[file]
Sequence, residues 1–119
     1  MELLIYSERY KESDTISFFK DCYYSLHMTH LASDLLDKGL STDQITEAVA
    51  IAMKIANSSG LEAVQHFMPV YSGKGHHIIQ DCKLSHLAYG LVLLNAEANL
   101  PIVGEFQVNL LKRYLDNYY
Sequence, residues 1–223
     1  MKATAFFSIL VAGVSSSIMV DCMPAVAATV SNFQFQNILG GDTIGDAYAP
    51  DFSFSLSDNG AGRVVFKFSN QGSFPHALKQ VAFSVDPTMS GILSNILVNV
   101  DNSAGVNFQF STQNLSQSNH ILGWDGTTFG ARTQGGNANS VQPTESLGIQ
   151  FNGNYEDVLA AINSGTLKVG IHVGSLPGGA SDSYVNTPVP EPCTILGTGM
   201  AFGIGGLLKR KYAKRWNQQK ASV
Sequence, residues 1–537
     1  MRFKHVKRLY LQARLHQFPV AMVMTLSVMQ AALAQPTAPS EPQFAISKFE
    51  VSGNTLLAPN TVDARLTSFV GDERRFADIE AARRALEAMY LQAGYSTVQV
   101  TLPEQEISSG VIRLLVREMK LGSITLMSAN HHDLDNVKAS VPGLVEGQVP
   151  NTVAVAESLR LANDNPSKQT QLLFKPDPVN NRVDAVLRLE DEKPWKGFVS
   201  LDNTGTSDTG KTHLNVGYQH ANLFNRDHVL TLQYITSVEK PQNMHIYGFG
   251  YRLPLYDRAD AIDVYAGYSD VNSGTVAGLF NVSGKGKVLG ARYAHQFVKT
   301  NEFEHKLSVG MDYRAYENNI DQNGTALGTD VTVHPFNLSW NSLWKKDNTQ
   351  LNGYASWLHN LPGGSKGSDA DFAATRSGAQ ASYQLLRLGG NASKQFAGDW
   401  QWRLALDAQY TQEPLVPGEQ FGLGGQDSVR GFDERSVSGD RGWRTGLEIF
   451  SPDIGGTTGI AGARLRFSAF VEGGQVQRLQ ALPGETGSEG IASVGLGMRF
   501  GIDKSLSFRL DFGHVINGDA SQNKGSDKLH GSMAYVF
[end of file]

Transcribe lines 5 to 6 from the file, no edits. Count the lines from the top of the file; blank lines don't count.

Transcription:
Sequence, residues 1–223
     1  MKATAFFSIL VAGVSSSIMV DCMPAVAATV SNFQFQNILG GDTIGDAYAP